No: The process for determining whether an amendment will be voted on locally or statewide will remain the same. The amendment is first passed by a three-fifths vote of each house of the legislature. Then, the Local Constitutional Amendment Commission must decide unanimously if the amendment is eligible for a local, rather than statewide, vote.

Amendment 4: County Affairs Administration Amendment

Yes: County commissions will be allowed to adopt programs relating to county personnel, emergency assistance, litter, transportation, and roadways without prior permission from the Legislature.

No: The process of  adopting such programs would remain the same, so that county commissions will continue to ask permission from the state legislature before adopting these programs.

Amendment 5: State Constitutional Language Governing Separation of Powers Amendment

Yes: Two sections of the constitution, concerned with the separation of power among the three branches of government, will be combined and reworded for the purposes of simplification and clarification. However, the substance of the powers will remain the same.

No: The sections of the constitution will remain unchanged.

Amendment 6: Alabama Impeachment Amendment

Yes: The process of impeaching a state official will be changed to require a two-thirds supermajority vote in the state senate. The Superintendent of Education office will be removed from the list of offices subject to impeachment, as this is an appointed, not elected, office.

No: The current process of impeachment, which does not require a Senate supermajority, will remain unchanged.

Amendment 7: Alabama Supervision of Employees in the Etowah County Sheriff's Department Amendment

Yes: Employees of the Etowah County Sheriff’s office will be placed under the authority of the Personnel Board of the Office of the Sheriff of Etowah County.

No: The employees will not be placed under the authority of the Personnel Board of the Office of the Sheriff of Etowah County, and the Board will not be officially established.

Amendment 8: Alabama Right to Work Amendment

Yes: Business would not be allowed to establish rules regarding union membership. A person would be allowed to work at a business regardless of membership or lack of membership in a labor union.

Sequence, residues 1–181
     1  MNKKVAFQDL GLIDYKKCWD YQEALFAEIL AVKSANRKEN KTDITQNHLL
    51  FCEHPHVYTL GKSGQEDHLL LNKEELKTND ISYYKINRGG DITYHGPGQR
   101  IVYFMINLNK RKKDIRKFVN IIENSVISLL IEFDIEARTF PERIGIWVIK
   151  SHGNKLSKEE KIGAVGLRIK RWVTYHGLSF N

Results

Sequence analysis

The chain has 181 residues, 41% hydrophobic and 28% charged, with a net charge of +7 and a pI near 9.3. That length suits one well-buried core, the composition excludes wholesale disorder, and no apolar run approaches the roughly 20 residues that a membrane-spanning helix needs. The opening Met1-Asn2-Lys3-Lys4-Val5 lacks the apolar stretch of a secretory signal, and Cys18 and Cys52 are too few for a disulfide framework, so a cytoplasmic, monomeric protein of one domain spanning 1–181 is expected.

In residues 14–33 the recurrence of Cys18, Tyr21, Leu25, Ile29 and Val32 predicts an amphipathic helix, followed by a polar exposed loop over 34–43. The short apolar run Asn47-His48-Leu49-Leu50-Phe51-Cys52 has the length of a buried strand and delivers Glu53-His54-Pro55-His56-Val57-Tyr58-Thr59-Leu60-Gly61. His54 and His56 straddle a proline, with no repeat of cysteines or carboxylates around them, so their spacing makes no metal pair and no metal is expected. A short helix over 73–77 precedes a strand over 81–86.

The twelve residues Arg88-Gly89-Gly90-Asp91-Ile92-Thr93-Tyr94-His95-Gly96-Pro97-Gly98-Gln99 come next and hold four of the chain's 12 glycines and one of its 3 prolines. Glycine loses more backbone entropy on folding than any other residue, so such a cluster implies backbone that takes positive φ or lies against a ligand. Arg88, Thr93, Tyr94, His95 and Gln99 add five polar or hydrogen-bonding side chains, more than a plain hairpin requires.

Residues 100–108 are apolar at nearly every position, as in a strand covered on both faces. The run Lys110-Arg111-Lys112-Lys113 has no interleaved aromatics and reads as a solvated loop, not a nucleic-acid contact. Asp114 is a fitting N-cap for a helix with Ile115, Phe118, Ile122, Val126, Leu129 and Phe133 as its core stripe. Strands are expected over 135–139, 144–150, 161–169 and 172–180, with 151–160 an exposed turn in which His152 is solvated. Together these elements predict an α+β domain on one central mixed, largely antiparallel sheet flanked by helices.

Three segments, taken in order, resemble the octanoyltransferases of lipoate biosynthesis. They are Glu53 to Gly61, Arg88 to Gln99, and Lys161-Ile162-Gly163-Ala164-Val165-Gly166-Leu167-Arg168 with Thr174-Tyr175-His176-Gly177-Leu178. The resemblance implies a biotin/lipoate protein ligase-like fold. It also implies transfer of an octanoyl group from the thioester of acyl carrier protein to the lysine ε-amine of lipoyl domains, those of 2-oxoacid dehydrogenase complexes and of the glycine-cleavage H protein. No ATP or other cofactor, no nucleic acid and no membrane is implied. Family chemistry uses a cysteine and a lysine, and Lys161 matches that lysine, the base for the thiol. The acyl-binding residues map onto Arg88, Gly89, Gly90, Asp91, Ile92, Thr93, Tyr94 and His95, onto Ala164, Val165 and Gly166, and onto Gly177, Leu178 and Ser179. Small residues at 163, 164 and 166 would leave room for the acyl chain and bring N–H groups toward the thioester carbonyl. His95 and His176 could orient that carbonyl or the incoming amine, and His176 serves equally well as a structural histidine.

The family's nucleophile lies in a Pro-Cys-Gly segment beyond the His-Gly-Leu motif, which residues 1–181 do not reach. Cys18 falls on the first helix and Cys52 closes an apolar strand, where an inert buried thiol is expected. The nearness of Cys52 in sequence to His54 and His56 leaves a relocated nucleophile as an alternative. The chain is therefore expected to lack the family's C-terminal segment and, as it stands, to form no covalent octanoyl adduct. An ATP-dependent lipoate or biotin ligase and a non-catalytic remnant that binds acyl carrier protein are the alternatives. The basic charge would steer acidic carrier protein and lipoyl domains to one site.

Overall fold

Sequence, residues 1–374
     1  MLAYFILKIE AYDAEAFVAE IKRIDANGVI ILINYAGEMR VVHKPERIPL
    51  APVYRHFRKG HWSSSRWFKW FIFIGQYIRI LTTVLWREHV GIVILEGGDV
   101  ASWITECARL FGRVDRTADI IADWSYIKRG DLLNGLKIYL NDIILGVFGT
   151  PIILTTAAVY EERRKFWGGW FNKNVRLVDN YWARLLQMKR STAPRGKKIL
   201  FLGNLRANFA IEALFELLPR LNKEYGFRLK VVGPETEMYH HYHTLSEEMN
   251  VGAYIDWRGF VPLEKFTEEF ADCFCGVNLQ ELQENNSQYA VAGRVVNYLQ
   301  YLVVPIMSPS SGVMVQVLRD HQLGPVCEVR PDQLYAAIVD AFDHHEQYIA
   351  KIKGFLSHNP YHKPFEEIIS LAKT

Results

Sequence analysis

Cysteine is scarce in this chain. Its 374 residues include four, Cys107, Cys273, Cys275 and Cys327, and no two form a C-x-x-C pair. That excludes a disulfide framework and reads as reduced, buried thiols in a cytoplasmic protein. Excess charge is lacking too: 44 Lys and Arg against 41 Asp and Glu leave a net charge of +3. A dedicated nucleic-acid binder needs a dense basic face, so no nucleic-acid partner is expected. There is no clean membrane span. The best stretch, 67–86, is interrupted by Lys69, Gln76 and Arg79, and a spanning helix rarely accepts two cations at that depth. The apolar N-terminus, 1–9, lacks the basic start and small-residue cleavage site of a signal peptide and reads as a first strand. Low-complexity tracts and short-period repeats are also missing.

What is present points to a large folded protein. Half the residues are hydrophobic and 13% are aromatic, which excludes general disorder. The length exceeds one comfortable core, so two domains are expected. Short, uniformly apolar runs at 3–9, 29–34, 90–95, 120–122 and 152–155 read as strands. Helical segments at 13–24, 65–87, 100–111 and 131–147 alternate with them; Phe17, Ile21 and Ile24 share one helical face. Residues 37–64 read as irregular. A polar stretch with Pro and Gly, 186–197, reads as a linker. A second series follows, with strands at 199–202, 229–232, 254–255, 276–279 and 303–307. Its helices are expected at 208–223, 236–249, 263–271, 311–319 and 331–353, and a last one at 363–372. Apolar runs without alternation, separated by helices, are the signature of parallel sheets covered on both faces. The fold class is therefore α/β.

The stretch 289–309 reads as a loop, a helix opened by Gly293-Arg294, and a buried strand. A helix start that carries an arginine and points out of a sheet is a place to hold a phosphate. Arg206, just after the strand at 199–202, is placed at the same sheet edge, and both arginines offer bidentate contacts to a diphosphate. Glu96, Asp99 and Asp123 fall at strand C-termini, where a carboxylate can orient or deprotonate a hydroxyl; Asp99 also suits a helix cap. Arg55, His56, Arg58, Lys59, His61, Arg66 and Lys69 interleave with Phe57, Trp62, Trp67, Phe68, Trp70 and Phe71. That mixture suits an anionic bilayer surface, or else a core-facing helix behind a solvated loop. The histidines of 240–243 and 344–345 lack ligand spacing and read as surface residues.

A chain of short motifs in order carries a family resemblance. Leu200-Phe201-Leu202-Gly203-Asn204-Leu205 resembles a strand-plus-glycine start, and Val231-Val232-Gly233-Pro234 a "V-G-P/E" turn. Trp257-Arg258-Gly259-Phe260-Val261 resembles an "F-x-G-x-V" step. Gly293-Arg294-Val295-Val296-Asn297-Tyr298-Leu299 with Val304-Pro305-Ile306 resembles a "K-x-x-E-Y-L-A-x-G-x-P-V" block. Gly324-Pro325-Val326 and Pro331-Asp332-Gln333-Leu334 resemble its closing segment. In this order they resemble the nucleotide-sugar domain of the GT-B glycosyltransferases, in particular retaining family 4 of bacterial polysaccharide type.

No: A person’s “right to work,” as described above, would be protected in the Code of Alabama, but not in the Alabama Constitution.

Amendment 9: Alabama Increase of Maximum Qualifying Age for Pickens County Judges Amendment

Yes: The maximum age for a candidate for the position of Judge of Probate in Pickens County will be raised to 75 years.

No: The maximum age for a candidate will remain 70 years.

Amendment 10: Alabama Restriction of Police and Planning Jurisdiction in Calhoun County

Yes: Only cities and towns located entirely or partly in Calhoun County will be able to exercise police and planning jurisdiction over any territory in Calhoun County.

No: The current laws, allowing some Alabama cities to exercise police jurisdiction within 3 miles of their limits and planning jurisdiction within 5 miles of their limit, will remain in place.

Amendment 11: Alabama Use of City Manufacturing Zone Tax Revenue to Incentivize Manufacturing Amendment

Yes: Alabama cities and counties will be allowed to sell properties that they own in areas designated for major manufacturing facilities, at their discretion, at prices below market value, to attract industry.

No: Cities and counties will remain required to sell these properties for at least fair market value.

Amendment 12: Alabama Authorization of Toll Districts and Toll District Revenue Bond Debt in Baldwin County Amendment

Yes: The legislature will be allowed to establish a toll road and bridge authority for Baldwin County, and permit it to issue bonds in order to fund projects.

No: The legislature will not be allowed to establish such a governing body for toll roads and bridges in Baldwin County.

Amendment 13: Alabama Removal of Age Restriction For Government Officials

Yes: The maximum age limit, which is currently at 70, will be removed and prevent any future age restrictions for holding government official position, with the exception of Judicial office.

No: The maximum age limit will remain in place for holding government official positions.

Amendment 14: Alabama Approval of Budget Isolation Resolution Proposing a Local Law

Yes: Local laws that the legislature passed prior to November 8, 2016 using the legislative practice of approval known as the “Budget Isolation Resolution” (BIR) procedure will remain in place.

No: Local laws passed by the legislature prior to November 8, 2016 through the BIR process will remain in place unless struck down by the Alabama Supreme Court or other courts.